From A Geographical Historie of Africa, by Iohn Leo a More; in the 1600 translation of John Pory, Book IX (p. 347):
Of the Camelion.
The camelion being of the shape and bignes of a lizzard, is a deformed, crooked, and leane creature, having a long and slender tayle like a mouse, and being of a slowe pace. It is nourished by the element of ayer, and the sun-beames, at the rising wherof it gapeth, and turneth it selfe up and downe. It changeth the colour according to the varietie of places where it commeth, being sometimes black and sometimes greene, as I my selfe have seen it. It is at great enmity with venemous serpents, for when it seeth any sleeping under a tree, it presently climeth up the same tree, and looking downe upon the serpents head, it voideth out of the mouth as it were, a long threede of spittle, with a round drop like a perle hanging at the end, which drop falling wrong, the camelion changeth his place, till it may light directly upon the serpents head, by the vertue wherof he presently dyeth. Our African writers have reported many things concerning the properties and secret qualities of this beast, which at this present I do not wel remember.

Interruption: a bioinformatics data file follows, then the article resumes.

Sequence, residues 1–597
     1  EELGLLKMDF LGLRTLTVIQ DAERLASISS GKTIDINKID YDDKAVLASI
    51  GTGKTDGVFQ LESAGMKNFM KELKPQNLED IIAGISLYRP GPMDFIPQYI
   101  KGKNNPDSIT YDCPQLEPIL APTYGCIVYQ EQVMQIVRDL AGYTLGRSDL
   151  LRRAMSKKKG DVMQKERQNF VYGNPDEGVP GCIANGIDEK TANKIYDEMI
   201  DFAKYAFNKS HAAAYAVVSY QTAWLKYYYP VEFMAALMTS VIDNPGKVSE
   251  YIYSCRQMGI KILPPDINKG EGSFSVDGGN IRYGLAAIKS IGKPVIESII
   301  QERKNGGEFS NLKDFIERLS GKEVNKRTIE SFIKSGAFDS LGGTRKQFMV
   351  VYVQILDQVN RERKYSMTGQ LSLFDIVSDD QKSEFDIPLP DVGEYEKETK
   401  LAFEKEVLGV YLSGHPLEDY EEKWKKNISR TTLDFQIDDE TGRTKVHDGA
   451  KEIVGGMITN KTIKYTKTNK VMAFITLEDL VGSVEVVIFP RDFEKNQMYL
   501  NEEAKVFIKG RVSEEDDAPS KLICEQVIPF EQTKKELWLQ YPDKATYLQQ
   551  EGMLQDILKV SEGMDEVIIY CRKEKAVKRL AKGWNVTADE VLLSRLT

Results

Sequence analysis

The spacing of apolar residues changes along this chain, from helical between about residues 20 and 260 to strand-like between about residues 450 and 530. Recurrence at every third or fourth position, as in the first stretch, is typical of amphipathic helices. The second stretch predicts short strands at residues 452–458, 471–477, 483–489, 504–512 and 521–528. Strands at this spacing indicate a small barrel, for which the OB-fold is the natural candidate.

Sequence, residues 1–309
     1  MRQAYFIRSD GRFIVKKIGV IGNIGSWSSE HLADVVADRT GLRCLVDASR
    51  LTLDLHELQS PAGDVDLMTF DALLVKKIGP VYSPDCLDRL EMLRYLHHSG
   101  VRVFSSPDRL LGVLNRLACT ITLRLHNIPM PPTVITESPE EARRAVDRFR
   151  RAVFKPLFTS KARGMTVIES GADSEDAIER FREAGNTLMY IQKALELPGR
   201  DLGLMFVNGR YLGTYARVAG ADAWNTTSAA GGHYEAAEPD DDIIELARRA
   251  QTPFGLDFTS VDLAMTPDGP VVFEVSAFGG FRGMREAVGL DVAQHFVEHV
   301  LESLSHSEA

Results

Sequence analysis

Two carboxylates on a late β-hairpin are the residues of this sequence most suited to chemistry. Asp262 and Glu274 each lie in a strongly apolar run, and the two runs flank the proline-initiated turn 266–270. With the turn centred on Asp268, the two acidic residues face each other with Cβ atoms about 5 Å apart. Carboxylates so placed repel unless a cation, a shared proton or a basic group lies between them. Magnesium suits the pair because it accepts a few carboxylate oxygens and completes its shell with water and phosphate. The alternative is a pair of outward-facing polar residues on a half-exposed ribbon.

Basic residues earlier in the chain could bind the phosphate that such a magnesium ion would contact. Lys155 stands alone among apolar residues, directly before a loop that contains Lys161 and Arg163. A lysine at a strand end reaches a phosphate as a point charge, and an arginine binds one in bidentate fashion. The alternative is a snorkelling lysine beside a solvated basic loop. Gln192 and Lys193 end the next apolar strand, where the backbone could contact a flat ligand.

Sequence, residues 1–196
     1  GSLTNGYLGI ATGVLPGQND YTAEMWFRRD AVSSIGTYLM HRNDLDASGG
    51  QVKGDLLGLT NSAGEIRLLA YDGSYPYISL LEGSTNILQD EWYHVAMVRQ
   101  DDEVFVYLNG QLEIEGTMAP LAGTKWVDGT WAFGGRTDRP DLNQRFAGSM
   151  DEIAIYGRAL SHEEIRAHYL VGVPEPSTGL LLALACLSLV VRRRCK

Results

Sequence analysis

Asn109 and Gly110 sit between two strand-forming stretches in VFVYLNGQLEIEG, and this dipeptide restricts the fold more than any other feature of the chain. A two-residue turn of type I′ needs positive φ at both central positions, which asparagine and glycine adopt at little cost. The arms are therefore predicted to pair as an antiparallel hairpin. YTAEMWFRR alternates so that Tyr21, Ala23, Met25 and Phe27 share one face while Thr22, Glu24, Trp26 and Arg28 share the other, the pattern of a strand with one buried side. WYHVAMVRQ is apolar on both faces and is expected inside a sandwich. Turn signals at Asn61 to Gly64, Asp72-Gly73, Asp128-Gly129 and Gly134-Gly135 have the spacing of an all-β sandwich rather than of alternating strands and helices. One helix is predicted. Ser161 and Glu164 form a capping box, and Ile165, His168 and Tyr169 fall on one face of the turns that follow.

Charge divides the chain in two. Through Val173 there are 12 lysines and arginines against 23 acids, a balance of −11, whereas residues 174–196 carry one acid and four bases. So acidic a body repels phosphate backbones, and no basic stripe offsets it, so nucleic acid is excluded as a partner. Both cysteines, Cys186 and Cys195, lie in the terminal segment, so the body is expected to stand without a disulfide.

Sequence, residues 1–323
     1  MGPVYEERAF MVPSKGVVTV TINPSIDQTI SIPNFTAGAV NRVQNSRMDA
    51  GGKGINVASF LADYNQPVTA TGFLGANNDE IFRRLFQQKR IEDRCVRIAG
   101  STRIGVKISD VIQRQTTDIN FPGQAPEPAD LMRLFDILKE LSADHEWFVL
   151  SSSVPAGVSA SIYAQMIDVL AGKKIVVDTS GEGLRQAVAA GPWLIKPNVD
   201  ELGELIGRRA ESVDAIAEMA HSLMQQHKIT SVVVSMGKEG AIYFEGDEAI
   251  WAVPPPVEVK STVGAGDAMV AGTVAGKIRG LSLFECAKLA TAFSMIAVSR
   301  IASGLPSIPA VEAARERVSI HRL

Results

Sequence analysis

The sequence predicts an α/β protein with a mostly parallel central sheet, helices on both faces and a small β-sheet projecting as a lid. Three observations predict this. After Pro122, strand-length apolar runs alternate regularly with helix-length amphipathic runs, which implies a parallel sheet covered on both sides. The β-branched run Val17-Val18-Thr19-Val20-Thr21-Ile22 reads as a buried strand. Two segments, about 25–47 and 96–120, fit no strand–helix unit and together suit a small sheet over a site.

This page is maintained by James Eason.